I finally track down La Posado hostel, after using a stranger’s computer to find that no address is posted online and then trying to follow obscure directions given by the owner after calling from a payphone. I got there and was told it costs 50 soles a night, with an incredulous look on my face I began to haggle it down (not that I really had another place to stay, but I have a really great poker face). I finally get her down to 40 soles ($13), and call it a win. They have wifi and it appears to be reasonably clean, then when she takes me to the room all the craziness becomes worth it. Fellow backpackers will know how hard it is to come by privacy when trying to travel cheaply, I personally have been sleeping on a couch since I arrived in Peru. The room had a glorious full size bed, and a private bathroom… not to mention cable with movies in English! HEAVEN. Needless to say, I slept like a baby!
Bright and early I hauled tail out of Chincha and got a colectivo into El Carmen. It was a short but beautiful ride of about 30 minutes, breaking away from the loud and restless Chincha. The enchanting yellow flowers of cotton plants line both sides of the dusty dirt road, mirroring the Afro-Peruvian culture of this area as it has also blossomed into something of incredible beauty after such painful beginnings. El Carmen is a sleepy little town, apparently slightly more animated on weekends and teaming with life for the Christmas holiday. The people were friendly and curious, everyone wanting to know where I was from. It’s interesting the comfort that comes when looking into faces that resemble yours, even though I someone who loves to explore new cultures and is often the only person who “looks like me” in the room… I still notice the comfort level and familiarity of others when I am around faces that physically resemble mine, even when they belong to a culture so different. It really made me ponder how alike we all are at the core; no matter our differences in language, skin tone, or features I believe we are getting closer to recognizing our global culture. A culture that respects and includes all, one that revels in cultural exchange rather than fearing it.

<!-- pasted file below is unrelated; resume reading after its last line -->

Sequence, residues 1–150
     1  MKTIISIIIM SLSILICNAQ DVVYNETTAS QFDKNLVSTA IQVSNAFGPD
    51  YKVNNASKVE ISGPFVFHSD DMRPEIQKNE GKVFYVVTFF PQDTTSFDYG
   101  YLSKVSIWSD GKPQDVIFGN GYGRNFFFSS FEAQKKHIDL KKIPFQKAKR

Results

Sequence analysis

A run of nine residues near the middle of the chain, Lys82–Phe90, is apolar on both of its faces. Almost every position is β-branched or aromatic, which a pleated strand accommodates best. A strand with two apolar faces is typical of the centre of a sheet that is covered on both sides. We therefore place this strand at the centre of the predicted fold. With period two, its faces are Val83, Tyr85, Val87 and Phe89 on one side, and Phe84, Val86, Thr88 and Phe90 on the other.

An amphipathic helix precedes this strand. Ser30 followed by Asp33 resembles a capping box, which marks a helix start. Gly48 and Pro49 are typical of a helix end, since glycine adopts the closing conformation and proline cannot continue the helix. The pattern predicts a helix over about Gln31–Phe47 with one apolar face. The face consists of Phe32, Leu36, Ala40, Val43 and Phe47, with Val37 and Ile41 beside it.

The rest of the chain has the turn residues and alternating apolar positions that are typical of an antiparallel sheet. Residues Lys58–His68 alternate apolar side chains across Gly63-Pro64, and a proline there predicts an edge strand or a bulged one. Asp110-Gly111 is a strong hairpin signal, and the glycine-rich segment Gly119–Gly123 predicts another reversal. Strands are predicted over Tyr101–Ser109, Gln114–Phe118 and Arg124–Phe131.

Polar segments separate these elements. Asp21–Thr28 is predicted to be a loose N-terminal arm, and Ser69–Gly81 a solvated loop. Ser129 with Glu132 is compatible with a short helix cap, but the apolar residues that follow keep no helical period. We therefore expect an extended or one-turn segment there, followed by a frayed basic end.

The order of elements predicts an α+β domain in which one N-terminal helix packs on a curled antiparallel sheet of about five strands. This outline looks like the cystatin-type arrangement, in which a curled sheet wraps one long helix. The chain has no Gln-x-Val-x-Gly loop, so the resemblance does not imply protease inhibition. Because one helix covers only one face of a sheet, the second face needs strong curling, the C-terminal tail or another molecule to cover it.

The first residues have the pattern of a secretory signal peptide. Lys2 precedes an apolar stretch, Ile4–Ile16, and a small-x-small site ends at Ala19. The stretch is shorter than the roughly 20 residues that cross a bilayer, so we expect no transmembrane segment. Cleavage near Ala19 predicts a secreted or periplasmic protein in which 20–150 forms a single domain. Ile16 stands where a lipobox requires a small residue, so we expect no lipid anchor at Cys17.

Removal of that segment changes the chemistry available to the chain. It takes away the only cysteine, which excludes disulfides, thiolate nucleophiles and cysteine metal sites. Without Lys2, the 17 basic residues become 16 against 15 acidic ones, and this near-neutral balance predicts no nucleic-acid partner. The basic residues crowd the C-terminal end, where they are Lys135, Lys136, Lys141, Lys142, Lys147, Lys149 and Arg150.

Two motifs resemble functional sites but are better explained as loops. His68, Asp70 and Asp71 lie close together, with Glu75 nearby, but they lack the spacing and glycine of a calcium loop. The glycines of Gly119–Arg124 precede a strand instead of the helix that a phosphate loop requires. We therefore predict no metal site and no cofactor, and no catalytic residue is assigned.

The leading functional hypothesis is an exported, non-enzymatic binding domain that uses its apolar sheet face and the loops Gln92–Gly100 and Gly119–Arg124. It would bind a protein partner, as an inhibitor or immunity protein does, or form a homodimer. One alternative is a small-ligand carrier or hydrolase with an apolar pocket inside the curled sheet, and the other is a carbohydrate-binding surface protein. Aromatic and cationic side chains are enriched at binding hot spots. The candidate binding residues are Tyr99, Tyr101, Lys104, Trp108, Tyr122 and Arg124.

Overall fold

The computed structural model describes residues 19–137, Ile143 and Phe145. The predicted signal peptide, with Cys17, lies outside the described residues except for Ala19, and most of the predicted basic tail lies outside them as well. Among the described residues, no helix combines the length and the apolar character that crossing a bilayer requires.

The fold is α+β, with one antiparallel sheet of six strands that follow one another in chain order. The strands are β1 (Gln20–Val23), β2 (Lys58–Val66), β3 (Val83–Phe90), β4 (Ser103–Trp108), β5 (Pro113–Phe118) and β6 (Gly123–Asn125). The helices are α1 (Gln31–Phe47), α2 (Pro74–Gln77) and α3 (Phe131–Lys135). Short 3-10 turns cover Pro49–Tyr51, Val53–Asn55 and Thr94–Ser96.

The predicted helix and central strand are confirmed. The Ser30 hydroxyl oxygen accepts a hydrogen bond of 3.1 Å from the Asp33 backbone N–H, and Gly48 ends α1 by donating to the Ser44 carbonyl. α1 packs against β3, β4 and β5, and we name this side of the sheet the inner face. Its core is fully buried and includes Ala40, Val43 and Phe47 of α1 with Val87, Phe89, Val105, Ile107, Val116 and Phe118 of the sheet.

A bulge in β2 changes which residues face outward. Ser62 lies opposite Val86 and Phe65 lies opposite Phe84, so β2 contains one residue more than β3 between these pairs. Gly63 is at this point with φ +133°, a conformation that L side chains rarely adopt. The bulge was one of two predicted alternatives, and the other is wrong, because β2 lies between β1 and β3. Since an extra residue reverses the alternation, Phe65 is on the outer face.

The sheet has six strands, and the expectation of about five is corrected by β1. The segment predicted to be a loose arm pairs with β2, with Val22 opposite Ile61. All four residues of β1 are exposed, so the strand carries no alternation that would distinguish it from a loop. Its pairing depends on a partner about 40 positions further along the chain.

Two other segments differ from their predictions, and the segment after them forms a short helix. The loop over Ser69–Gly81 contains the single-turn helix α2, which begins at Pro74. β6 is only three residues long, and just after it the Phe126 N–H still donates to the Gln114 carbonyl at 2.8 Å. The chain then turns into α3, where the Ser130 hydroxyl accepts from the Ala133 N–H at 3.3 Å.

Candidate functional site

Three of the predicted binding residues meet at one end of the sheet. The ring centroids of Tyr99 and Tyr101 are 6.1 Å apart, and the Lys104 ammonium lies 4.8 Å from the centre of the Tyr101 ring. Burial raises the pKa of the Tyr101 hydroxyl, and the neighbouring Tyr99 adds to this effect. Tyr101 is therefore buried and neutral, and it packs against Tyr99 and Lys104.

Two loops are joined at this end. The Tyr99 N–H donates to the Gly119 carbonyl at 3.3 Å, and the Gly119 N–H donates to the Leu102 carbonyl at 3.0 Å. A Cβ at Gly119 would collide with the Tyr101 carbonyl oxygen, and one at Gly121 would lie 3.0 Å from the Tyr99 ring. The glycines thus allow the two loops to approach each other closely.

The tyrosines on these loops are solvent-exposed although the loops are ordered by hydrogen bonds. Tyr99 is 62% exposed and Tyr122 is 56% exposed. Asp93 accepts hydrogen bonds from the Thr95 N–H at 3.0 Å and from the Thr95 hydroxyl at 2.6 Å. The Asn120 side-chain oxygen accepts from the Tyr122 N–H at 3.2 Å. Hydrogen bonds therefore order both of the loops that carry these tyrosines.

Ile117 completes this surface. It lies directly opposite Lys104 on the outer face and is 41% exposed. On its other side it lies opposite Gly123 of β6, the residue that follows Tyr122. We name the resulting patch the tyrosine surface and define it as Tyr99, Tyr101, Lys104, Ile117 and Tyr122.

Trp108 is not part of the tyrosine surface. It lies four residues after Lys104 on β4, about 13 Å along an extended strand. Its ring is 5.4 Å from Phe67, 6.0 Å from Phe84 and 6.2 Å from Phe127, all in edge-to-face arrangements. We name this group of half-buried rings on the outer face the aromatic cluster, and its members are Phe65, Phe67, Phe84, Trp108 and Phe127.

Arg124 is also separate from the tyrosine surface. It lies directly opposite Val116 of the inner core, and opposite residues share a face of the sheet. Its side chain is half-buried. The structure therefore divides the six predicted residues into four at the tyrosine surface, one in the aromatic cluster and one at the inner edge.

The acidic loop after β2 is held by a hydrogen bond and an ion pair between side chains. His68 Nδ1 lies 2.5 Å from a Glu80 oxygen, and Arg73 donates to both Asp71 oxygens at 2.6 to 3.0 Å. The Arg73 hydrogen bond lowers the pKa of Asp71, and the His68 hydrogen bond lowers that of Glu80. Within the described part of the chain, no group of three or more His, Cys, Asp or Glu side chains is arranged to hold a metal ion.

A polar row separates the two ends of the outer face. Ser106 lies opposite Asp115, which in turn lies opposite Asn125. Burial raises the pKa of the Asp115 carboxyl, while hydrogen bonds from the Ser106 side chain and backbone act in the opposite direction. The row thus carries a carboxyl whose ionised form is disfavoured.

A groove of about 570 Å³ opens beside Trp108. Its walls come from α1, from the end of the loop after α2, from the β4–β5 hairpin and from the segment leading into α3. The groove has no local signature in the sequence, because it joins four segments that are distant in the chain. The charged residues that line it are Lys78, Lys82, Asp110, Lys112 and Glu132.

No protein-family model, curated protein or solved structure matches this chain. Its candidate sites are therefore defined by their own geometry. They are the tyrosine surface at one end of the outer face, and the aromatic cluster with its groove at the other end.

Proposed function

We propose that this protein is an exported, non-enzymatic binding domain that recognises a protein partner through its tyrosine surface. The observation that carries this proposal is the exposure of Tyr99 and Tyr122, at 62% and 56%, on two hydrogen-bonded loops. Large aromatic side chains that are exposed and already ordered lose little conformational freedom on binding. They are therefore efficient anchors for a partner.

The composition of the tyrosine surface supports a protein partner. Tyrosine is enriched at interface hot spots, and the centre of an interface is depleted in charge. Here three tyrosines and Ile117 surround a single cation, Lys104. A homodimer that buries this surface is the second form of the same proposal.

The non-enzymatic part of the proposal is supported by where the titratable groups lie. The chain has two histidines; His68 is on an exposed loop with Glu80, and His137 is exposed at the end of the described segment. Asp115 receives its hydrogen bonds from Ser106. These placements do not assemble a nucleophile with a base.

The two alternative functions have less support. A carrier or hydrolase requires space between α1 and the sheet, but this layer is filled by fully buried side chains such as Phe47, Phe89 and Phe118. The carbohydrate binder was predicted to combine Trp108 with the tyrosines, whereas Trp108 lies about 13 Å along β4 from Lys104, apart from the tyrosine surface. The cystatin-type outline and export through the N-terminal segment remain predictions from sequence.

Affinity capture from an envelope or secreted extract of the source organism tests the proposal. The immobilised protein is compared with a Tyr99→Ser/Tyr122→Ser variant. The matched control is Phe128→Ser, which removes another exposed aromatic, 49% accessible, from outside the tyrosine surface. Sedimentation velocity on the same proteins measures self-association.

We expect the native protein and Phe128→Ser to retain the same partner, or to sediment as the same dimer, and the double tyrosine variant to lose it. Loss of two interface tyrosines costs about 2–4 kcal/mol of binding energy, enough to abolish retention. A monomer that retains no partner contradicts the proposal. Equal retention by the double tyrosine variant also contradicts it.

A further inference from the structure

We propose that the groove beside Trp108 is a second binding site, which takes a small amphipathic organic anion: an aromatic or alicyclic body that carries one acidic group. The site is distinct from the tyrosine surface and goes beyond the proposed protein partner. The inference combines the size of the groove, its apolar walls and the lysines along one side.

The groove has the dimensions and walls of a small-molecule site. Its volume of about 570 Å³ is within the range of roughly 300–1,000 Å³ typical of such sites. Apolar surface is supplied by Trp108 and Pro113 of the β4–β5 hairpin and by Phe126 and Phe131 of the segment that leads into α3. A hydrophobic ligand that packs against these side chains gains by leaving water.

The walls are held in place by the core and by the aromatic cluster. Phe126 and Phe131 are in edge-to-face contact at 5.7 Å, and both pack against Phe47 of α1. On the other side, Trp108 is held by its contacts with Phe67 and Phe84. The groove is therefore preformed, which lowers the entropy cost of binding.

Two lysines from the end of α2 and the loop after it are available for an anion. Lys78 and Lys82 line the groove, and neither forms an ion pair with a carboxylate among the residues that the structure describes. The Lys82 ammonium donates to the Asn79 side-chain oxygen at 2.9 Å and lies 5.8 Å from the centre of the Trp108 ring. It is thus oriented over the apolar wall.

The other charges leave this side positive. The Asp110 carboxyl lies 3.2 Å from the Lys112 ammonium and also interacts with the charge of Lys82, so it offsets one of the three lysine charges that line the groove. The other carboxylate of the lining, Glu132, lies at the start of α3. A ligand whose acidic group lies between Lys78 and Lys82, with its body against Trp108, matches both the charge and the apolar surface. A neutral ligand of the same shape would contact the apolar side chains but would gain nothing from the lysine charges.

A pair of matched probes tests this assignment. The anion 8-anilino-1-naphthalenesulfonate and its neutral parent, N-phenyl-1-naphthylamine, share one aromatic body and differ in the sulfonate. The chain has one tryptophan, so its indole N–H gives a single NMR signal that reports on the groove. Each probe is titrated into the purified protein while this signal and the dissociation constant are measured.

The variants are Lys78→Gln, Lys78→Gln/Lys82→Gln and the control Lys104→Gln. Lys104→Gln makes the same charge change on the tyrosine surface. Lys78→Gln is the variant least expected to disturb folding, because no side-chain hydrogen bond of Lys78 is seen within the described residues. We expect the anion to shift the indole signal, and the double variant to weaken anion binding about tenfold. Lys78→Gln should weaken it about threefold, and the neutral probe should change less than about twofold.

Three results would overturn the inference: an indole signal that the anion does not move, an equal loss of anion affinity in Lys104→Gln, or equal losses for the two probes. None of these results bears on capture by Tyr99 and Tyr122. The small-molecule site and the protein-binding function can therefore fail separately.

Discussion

The people of El Carmen were all shades of brown, most are darker than the typical Peruvian, with the beauty of African genetics written all over their bodies and the familiar sound of Peruvian Spanish on their tongues. I found my way to the one location for information, a “tourist center”, which was really the living room of Guillermo’s house. Guillermo, the keeper of culture in El Carmen, welcomes travelers into his home to share the history, art, and culture of his people. Guillermo and his family were some of the warmest people I have ever met, and I sat for over 3 hours listening to him tell stories in Spanish of the African slaves brought to Peru, their revolutions, their reformations, and their cultural renaissance in the town of El Carmen. There are videos on my Instagram and Tumblr of Guillermo and his son playing the violin and the cajon, a percussion instrument found in Afro-Peruvian music.